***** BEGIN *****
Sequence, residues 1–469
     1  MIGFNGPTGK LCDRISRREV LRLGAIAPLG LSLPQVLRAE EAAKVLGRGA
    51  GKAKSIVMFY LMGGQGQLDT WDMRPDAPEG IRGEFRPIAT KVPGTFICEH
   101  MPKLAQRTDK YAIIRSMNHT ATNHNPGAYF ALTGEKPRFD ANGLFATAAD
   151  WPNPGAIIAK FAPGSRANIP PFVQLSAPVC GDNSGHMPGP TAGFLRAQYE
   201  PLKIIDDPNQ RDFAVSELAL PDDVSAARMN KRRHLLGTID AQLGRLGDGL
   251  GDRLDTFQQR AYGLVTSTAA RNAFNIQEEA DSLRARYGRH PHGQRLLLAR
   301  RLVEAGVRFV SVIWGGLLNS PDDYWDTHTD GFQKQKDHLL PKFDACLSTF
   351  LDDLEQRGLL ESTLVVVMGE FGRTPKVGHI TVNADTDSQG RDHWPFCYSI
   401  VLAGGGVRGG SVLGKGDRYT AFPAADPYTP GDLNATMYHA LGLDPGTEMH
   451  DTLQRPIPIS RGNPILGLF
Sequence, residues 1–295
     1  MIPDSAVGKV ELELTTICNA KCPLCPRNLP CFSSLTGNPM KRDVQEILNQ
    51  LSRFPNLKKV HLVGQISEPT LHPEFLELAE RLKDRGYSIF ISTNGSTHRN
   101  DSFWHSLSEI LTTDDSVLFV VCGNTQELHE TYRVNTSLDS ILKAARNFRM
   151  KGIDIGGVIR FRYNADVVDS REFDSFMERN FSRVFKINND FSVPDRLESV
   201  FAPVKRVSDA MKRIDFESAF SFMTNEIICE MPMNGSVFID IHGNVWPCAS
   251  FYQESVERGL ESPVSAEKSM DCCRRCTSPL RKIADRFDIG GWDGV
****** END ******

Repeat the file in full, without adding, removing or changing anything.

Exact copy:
Sequence, residues 1–469
     1  MIGFNGPTGK LCDRISRREV LRLGAIAPLG LSLPQVLRAE EAAKVLGRGA
    51  GKAKSIVMFY LMGGQGQLDT WDMRPDAPEG IRGEFRPIAT KVPGTFICEH
   101  MPKLAQRTDK YAIIRSMNHT ATNHNPGAYF ALTGEKPRFD ANGLFATAAD
   151  WPNPGAIIAK FAPGSRANIP PFVQLSAPVC GDNSGHMPGP TAGFLRAQYE
   201  PLKIIDDPNQ RDFAVSELAL PDDVSAARMN KRRHLLGTID AQLGRLGDGL
   251  GDRLDTFQQR AYGLVTSTAA RNAFNIQEEA DSLRARYGRH PHGQRLLLAR
   301  RLVEAGVRFV SVIWGGLLNS PDDYWDTHTD GFQKQKDHLL PKFDACLSTF
   351  LDDLEQRGLL ESTLVVVMGE FGRTPKVGHI TVNADTDSQG RDHWPFCYSI
   401  VLAGGGVRGG SVLGKGDRYT AFPAADPYTP GDLNATMYHA LGLDPGTEMH
   451  DTLQRPIPIS RGNPILGLF
Sequence, residues 1–295
     1  MIPDSAVGKV ELELTTICNA KCPLCPRNLP CFSSLTGNPM KRDVQEILNQ
    51  LSRFPNLKKV HLVGQISEPT LHPEFLELAE RLKDRGYSIF ISTNGSTHRN
   101  DSFWHSLSEI LTTDDSVLFV VCGNTQELHE TYRVNTSLDS ILKAARNFRM
   151  KGIDIGGVIR FRYNADVVDS REFDSFMERN FSRVFKINND FSVPDRLESV
   201  FAPVKRVSDA MKRIDFESAF SFMTNEIICE MPMNGSVFID IHGNVWPCAS
   251  FYQESVERGL ESPVSAEKSM DCCRRCTSPL RKIADRFDIG GWDGV